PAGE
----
I am aware that many of the merchants from whom I purchase goods also serve the Marquis de F-. By paying them in full with the money I have on hand, knowing that my coffers will shortly be refilled from the sale of Lespinasse, I buy their loyalty in some measure, and perhaps when I suggest to them that they should call in the debts of a certain Marquis they will be inclined to do so.
In the meantime I have another problem with which to attend. The Duc de Saint-Aignan, Paul Marie de Beauvilliers, has begun visiting Clementine at her mother's house and my young friend is terrified that he will offer for her hand any day. She escapes here to Sully as often as she can and begs my help in likewise escaping an unwanted marriage, for she still dreams of being united with the Marquis de Menars, who also attends her when the Dowager Comtesse will allow it.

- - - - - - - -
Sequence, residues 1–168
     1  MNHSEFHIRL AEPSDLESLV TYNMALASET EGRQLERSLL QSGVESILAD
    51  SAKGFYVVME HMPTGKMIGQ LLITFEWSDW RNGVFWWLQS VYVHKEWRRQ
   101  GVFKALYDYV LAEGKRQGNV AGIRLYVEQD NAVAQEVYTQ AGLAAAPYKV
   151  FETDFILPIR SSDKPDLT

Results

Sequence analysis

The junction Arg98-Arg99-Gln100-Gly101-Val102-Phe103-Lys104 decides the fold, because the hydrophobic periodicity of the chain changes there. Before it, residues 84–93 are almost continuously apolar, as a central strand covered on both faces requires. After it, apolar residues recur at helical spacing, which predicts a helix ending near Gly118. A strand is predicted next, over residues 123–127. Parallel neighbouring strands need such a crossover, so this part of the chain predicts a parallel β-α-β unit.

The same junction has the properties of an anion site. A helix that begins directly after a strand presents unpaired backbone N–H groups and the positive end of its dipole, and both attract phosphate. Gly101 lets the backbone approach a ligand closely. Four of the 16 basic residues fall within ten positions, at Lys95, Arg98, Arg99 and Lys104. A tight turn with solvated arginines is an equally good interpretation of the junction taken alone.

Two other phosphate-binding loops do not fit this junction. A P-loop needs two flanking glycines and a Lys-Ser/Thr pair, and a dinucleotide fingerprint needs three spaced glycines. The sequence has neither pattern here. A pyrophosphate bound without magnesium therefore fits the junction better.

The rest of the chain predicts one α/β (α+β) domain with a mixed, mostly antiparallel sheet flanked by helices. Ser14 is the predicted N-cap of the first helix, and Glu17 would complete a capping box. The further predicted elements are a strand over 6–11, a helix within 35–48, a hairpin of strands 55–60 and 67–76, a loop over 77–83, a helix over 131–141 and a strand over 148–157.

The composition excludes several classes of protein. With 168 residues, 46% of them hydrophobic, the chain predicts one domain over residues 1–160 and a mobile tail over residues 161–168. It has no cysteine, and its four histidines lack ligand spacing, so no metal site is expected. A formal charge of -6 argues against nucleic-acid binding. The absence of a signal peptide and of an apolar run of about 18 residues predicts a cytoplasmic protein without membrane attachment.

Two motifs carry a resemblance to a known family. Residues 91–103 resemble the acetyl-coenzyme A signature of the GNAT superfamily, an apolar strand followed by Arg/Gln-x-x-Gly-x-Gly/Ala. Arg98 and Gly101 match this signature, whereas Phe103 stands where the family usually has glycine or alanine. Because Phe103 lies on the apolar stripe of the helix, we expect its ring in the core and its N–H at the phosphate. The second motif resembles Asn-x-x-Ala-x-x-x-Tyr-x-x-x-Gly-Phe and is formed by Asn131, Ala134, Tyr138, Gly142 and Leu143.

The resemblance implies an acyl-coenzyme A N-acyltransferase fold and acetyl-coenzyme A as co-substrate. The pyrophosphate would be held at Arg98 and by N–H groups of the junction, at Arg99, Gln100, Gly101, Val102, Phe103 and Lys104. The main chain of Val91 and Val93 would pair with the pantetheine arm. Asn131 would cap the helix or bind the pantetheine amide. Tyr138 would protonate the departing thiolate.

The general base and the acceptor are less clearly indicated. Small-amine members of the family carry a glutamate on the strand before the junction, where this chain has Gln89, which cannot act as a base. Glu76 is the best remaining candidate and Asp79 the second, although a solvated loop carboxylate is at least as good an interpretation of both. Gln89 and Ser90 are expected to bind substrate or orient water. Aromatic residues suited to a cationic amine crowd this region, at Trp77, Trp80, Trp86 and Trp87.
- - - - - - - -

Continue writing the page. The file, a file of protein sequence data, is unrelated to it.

I think that I will suggest that Clementine travel to Auvergne with me this summer, so that her absence may whet the appetite of those who have not yet offered for her. If I act quickly I may succeed in enlisting Menars in more than one of my plots, for he would stand to gain if the Duc can be put off thereby.
I have not yet succeeded in broaching the subject of the Comte de Rodez's death; nor have a heard from Thierry, which continues to worry me somewhat. If I keep busy perhaps a letter will come to allay my fears.